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MOBILE, Alabama - Airbus Group SA, which opened its first jetliner factory on U.S. soil on Monday, does not anticipate taking a hit to aircraft orders from the economic slowdown in China, CEO Tom Enders said.
The $600 million plant in Alabama will help Airbus meet plans to churn out 50 narrow-body jets a month by 2017, up from 42 currently. Airbus is considering lifting that to 60 or more to meet a backlog of more than 5,400 planes.
Enders said he had no concern about a slowdown in demand, including from China's recent economic weakness. If it came, Alabama would not be alone in facing cutbacks, he said.
"We would always do that in a balanced way," he said in an interview at a ribbon-cutting ceremony. "There's no political pressures or anything. But I have no reason that we are slowing down. Our challenge right now is to bring up production."
China in June placed a landmark order for dozens of Airbus wide-body jets, a deal worth at least $11 billion that paves the way for a second European aircraft plant in the world's fastest-growing aviation market.
China also is a major buyer of narrow-body Airbus aircraft, and Airbus has built a factory in China to produce those planes, similar to the one opened Monday in the United States to serve the North American market.
Rival Boeing has indicated it is looking at building a facility in China to paint and finish its competing 737 narrow-body jets, and could announce it later this month when Chinese President Xi Jinping is due to visit Seattle.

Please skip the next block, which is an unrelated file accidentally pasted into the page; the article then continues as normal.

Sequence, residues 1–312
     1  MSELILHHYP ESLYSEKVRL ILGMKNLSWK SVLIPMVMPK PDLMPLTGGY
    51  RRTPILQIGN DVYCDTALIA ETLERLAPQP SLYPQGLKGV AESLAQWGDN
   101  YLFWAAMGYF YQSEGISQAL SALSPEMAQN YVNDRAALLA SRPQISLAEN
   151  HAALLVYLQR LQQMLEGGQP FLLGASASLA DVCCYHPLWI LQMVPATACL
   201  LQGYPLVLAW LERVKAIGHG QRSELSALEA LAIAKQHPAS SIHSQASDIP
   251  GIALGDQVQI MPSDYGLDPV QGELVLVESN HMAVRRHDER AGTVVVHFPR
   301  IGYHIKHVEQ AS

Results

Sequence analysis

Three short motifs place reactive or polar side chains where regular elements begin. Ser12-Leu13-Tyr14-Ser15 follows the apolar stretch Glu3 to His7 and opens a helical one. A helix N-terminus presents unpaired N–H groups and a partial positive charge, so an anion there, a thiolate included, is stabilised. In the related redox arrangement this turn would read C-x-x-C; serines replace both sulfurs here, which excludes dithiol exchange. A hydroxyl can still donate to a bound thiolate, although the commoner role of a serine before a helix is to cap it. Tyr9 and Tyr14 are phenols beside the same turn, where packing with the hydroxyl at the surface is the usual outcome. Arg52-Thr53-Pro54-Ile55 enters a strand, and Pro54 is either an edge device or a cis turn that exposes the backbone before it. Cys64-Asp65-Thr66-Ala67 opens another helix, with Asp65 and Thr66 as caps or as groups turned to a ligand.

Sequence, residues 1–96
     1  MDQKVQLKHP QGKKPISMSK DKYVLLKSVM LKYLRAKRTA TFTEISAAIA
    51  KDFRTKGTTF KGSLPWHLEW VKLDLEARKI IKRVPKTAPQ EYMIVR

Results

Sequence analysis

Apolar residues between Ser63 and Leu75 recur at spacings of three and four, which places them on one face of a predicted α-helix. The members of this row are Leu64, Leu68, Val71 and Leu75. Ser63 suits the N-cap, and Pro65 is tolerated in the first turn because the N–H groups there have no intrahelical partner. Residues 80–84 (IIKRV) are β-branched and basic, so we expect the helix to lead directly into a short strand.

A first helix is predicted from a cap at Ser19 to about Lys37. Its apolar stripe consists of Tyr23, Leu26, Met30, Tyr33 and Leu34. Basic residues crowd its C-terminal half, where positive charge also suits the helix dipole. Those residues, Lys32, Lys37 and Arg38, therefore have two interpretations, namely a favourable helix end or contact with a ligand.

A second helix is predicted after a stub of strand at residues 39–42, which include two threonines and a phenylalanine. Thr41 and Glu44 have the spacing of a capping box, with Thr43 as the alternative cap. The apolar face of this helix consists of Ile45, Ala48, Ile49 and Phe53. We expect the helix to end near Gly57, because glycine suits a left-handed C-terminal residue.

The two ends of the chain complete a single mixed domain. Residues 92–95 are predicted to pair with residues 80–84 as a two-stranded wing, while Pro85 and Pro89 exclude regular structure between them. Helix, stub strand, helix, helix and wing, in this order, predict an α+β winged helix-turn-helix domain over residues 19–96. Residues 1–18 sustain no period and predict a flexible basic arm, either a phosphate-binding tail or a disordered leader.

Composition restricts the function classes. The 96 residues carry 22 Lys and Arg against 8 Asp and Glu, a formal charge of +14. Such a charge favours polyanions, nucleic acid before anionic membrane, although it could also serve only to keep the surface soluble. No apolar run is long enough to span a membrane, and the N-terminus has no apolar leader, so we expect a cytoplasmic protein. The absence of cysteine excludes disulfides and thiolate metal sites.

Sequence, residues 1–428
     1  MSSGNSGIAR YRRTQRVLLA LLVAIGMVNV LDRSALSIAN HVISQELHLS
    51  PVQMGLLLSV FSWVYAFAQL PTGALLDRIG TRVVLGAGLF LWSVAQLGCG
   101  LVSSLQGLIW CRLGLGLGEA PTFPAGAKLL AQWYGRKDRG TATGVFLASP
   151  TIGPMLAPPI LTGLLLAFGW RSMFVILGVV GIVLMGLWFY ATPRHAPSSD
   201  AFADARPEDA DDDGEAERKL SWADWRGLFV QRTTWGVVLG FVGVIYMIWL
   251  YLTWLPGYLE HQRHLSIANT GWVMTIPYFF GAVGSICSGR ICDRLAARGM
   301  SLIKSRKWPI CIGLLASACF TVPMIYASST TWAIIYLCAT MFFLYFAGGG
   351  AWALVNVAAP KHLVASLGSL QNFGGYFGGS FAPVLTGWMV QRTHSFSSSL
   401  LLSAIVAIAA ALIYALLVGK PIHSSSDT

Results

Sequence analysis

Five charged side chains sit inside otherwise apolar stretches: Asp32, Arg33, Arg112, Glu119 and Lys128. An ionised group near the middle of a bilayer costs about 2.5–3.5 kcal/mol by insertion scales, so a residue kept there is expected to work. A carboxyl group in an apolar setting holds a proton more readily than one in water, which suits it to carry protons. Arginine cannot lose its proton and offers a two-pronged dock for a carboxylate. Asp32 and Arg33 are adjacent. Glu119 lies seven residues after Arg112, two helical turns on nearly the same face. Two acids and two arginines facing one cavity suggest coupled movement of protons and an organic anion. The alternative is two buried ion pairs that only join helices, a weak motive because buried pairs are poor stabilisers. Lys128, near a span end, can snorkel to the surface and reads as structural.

While Airbus' Alabama plant is crucial to meeting production targets, its larger significance is symbolic, said Barry Eccleston, president of Airbus Americas Inc. Much like foreign automakers who have set up factories in U.S. states, Airbus hopes that the plant will help it sell to American customers.
The company is aiming for 50 percent of the U.S. market. Its current order book will take it to 40 percent, up from 20 percent before the factory, and Airbus' newest single-aisle models, were announced.
Airbus expects to deliver the first U.S.-made A321 aircraft to JetBlue early in the second quarter of 2016, Eccleston said. A second A321 for American Airlines Group will be delivered later in 2016. The A321 is the largest model in the Airbus A320 narrow-bodied family and competes with Boeing Co's 737.
In the interview, Enders said the U.S. plant, which employs 260, could help with military sales.
"This factory certainly has a lot of industrial credibility," he said. "So should an opportunity arise on the military side some years from now (the factory and workforce) will certainly not hurt our credibility."
Airbus said it sited the Mobile plant on 116 acres and has an additional 116 acres available nearby for expansion.
Airbus aims to make the U.S. factory its most cost efficient plant. But the bigger payoff is with burnishing its brand as a U.S. manufacturer.
Monday's ceremony included video clips praising Airbus from dozens of U.S. elected officials, airline heads and manufacturing companies.
"The relationship (with Airbus) is already extremely strong," American Airlines Group chief Doug Parker said in a clip. "But them being here doesn't hurt."